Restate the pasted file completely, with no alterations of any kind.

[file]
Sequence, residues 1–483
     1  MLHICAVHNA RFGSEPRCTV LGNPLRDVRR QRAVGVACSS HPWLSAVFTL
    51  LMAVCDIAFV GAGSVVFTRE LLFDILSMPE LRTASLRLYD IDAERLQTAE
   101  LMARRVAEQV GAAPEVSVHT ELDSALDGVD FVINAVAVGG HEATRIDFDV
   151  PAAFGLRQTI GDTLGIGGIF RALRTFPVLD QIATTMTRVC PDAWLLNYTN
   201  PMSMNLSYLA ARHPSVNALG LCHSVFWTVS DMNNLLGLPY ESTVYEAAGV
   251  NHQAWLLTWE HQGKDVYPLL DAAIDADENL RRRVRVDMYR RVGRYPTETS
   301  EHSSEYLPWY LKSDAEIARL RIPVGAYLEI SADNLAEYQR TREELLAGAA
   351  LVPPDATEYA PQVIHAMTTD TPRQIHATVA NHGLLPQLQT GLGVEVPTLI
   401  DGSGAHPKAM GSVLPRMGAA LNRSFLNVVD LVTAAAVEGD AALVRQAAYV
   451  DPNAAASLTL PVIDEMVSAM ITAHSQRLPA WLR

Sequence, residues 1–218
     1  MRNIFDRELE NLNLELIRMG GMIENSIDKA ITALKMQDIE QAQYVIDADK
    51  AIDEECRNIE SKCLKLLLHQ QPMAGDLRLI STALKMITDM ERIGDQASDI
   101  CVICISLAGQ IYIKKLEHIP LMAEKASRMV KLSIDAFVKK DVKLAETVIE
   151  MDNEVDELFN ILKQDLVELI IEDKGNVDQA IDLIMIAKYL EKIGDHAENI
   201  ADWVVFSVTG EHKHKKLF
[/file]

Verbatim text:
Sequence, residues 1–483
     1  MLHICAVHNA RFGSEPRCTV LGNPLRDVRR QRAVGVACSS HPWLSAVFTL
    51  LMAVCDIAFV GAGSVVFTRE LLFDILSMPE LRTASLRLYD IDAERLQTAE
   101  LMARRVAEQV GAAPEVSVHT ELDSALDGVD FVINAVAVGG HEATRIDFDV
   151  PAAFGLRQTI GDTLGIGGIF RALRTFPVLD QIATTMTRVC PDAWLLNYTN
   201  PMSMNLSYLA ARHPSVNALG LCHSVFWTVS DMNNLLGLPY ESTVYEAAGV
   251  NHQAWLLTWE HQGKDVYPLL DAAIDADENL RRRVRVDMYR RVGRYPTETS
   301  EHSSEYLPWY LKSDAEIARL RIPVGAYLEI SADNLAEYQR TREELLAGAA
   351  LVPPDATEYA PQVIHAMTTD TPRQIHATVA NHGLLPQLQT GLGVEVPTLI
   401  DGSGAHPKAM GSVLPRMGAA LNRSFLNVVD LVTAAAVEGD AALVRQAAYV
   451  DPNAAASLTL PVIDEMVSAM ITAHSQRLPA WLR

Sequence, residues 1–218
     1  MRNIFDRELE NLNLELIRMG GMIENSIDKA ITALKMQDIE QAQYVIDADK
    51  AIDEECRNIE SKCLKLLLHQ QPMAGDLRLI STALKMITDM ERIGDQASDI
   101  CVICISLAGQ IYIKKLEHIP LMAEKASRMV KLSIDAFVKK DVKLAETVIE
   151  MDNEVDELFN ILKQDLVELI IEDKGNVDQA IDLIMIAKYL EKIGDHAENI
   201  ADWVVFSVTG EHKHKKLF